We have built several homes and offices. Some because we wanted to and others because we had to (aka Sandy). Each has taken on a different life of their own. I am quite sure if you interviewed contractors, architects, and decorators, they would tell you that each project was completely different and none of them were seamless. It is like building a start-up, nothing is standard and each one, no matter how many times you have been involved from whatever angle, be it the founder or the investor, each one has their own paths.
I have been asked what would my advice be to someone going through this for the first time so here goes. Culture fit is important. You will spend a lot of time with each person and you want someone who gets you. Depending on the size and scope of the project depends on who you hire. If you are hiring an architect, it is sometimes good to bring in the decorator at the onset. Just like companies are better off with diversity so are projects. Architects think about the big picture and decorators (if they are good) think about how you live. For instance, a decorator is going to be thinking about the width of a bed and the size of two side tables in a bedroom and how that fits without a door hitting the table or a table jutting out into the doorframe. Architects might not.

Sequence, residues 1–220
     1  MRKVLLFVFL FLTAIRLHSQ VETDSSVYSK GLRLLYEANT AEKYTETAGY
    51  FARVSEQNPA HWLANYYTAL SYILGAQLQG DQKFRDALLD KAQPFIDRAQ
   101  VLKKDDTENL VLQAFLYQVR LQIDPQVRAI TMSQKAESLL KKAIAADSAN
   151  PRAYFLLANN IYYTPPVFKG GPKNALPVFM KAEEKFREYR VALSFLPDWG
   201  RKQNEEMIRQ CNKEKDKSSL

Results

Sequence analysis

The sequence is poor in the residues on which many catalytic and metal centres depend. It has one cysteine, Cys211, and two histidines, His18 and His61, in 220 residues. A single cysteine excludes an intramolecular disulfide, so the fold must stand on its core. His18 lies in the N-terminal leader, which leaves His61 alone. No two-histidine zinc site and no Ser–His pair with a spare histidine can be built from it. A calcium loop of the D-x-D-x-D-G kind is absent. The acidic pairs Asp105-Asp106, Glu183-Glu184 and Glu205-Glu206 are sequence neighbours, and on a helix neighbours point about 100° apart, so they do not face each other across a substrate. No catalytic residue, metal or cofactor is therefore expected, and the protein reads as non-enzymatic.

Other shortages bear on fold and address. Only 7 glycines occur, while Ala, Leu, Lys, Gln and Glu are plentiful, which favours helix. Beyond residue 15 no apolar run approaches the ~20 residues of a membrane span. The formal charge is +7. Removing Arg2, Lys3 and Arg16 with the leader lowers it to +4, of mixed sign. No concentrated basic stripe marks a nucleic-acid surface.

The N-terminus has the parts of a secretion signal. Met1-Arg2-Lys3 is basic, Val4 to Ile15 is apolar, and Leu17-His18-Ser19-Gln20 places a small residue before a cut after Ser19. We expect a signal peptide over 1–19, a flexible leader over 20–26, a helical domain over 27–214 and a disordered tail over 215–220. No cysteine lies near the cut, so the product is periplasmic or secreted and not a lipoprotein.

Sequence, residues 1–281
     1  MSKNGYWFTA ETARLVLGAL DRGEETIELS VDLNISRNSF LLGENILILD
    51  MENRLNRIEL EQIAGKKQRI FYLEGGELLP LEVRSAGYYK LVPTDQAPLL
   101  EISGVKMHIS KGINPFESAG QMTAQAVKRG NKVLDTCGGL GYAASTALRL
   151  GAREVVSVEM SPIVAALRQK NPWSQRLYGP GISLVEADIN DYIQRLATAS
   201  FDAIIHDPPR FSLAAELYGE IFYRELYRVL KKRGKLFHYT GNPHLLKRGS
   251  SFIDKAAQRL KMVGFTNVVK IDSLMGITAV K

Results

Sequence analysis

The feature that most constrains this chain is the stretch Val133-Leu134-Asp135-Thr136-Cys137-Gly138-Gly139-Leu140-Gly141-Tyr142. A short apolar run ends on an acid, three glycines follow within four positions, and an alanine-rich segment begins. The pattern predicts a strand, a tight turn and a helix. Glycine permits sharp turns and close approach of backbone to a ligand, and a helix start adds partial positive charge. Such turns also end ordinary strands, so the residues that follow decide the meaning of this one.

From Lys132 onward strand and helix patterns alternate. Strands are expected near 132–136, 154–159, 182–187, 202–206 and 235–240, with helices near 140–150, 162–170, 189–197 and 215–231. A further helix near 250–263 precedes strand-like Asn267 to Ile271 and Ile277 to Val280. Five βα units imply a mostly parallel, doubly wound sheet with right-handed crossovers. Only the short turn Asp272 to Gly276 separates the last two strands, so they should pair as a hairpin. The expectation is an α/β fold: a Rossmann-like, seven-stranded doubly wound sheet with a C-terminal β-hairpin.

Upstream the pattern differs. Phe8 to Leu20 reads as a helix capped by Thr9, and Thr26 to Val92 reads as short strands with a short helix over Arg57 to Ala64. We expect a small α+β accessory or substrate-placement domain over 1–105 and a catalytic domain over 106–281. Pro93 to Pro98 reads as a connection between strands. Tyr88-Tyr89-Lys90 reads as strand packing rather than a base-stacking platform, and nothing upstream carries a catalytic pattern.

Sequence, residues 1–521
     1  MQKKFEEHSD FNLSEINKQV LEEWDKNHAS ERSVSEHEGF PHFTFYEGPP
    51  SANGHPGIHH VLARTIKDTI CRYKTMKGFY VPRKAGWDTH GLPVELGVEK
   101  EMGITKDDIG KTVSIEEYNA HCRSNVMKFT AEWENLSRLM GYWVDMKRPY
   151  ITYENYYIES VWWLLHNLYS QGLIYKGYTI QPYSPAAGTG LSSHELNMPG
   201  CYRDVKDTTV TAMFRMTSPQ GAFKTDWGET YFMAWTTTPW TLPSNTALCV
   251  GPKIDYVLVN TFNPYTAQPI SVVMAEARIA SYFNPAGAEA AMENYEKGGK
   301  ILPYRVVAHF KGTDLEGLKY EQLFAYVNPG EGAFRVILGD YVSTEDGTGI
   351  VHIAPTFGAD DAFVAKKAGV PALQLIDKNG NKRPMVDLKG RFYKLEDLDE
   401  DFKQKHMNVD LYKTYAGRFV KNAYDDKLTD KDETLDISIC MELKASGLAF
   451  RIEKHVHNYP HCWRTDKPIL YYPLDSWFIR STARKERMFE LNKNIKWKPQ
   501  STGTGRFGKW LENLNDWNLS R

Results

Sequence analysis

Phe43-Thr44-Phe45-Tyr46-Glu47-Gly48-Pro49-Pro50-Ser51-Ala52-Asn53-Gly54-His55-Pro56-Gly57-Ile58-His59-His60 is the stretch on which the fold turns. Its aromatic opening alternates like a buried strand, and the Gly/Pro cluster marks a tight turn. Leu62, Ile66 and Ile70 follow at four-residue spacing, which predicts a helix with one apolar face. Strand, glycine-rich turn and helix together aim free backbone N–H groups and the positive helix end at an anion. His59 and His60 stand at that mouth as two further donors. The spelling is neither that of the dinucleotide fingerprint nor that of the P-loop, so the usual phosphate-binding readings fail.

If the project is large, hire an owners rep. That person represents you and the cost of that person offsets all the mistakes that can be made. They oversee budgets, come to a weekly meeting and represent you. If not, make sure you have a weekly meeting with your architect and contractor on site to hold everyone accountable. When the job slows down more than likely the contractor isn’t paying the subs (millworkers, electricians, plumbers). Don’t let your contractor hold the keys to the cash. You want to approve changes and payments as they happen. You want to be in front of the contractor on cash not behind.
Before hiring a contractor, make sure that the architect has at least 90% of the plans drawn to price. If not, there could be big change orders down the line. We like to make all the decisions before bidding. Once you move to construction you are also moving from the architect to the contractor, it is the contractor you have to rely on and if the architect didn’t provide enough information, you could be the one paying for the mistake. Architects come onsite to make sure that plans are being built accordingly but they are not great at overseeing the building of a job. Your contractor is the person who knows how to build.
Decorators. I am not a fan of the way most of them charge which is hourly and then 30% of the furniture purchased. I prefer a flat fee so that you are aligned. If you buy a $10 table vs a $100k table it doesn’t take any more time to purchase an install so why should you pay 30% for that?
The last two projects we are on now seem to appear to be working really well. All the knowledge over the years is finally paying off. We ask questions, we push back, we know what we want and we don’t trust anyone but ourselves because we are going to live there and we are going to pay the bill. I’d say the biggest piece of advice I’d give is to trust your gut. Even if you have never built anything before, it is yours so ask a ton of questions and pay attention to the details that work for you not them.